The Union League and Biracial Politics in Reconstruction Texas
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The Republican Union League of America played a major role in the Southern Reconstruction that followed the American Civil War. A secret organization introduced into Texas in 1867 to mobilize newly enfranchised black voters, it was the first political body that attempted to secure power by forming a biracial coalition. Originally intended by white Unionists simply to marshal black voters to their support, it evolved into an organization that allowed blacks to pursue their own political goals. It was abandoned by the state’s Republican Party following the 1871 state elections.
From the beginning the use of the league by the Republican party proved controversial. While its opponents charged that its white leadership simply manipulated ignorant blacks to achieve power for themselves, ultimately encouraging racial conflict, the League not only educated blacks in their new political rights but also protected them in the exercise of those rights. It gave blacks a voice in supporting the legislative program of Gov. Edmund J. Davis, helping him to push through laws aimed at the maintenance of law and order, securing basic civil rights for blacks, and the creation of public schools.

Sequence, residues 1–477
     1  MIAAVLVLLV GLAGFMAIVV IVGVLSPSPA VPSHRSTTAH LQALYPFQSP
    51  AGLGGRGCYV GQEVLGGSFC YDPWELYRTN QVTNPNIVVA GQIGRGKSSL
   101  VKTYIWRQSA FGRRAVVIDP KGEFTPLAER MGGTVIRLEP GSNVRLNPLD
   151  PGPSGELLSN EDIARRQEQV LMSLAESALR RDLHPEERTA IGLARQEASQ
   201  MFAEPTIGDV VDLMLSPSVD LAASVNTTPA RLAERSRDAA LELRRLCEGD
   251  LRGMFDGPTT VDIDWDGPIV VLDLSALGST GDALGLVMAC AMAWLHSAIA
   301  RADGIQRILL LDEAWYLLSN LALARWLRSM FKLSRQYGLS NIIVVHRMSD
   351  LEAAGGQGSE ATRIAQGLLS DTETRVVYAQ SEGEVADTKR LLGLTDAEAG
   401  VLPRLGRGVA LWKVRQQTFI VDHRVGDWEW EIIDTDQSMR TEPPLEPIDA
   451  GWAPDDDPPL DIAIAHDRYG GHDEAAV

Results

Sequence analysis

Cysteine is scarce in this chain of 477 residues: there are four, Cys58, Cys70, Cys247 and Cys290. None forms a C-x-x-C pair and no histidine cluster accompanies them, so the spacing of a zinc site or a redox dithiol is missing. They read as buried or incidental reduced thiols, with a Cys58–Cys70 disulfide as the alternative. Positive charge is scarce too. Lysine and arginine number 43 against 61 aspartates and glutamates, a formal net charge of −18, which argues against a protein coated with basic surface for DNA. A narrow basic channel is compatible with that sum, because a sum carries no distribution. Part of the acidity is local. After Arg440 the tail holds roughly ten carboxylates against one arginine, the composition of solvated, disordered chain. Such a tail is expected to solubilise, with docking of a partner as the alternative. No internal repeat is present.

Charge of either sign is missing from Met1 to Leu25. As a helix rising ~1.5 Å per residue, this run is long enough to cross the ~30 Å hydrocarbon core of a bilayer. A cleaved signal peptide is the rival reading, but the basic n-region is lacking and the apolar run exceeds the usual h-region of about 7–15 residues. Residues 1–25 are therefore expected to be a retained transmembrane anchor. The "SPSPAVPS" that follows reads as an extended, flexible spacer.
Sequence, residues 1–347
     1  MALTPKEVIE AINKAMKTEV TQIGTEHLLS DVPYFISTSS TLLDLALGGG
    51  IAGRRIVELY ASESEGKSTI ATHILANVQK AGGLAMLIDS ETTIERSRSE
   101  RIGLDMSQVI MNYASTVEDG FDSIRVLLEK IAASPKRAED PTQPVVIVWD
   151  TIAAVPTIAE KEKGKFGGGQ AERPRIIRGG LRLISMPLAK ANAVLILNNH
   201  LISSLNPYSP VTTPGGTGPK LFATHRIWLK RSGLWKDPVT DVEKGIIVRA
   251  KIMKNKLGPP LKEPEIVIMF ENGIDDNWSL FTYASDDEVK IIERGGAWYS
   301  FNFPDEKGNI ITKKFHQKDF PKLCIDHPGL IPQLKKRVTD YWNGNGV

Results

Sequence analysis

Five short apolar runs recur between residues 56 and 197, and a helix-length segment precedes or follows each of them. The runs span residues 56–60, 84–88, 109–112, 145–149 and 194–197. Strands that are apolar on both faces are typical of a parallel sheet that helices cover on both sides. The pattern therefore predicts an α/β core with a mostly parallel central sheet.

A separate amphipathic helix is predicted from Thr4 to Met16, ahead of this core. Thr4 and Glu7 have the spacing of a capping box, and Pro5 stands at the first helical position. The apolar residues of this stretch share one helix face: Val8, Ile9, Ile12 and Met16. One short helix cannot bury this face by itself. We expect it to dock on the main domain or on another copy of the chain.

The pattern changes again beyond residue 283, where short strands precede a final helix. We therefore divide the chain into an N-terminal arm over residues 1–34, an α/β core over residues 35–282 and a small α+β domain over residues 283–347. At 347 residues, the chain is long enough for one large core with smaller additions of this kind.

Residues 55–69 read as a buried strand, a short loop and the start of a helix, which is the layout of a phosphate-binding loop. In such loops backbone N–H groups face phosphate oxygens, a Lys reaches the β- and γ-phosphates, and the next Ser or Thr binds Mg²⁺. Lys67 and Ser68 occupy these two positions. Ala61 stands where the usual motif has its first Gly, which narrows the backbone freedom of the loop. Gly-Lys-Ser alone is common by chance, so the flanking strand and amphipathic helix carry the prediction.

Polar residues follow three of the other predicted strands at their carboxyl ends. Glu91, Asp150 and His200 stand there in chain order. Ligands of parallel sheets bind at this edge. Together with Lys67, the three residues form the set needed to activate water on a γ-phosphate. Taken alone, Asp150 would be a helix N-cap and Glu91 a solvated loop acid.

Ultimately, its success and its secrecy provoked hostile attacks from political opponents, leading the party to stop using it. Nonetheless, the Union League created a legacy of black activism that lasted throughout the nineteenth century and pushed Texas toward a remarkably different world from the segregated and racist one that developed after the league disappeared.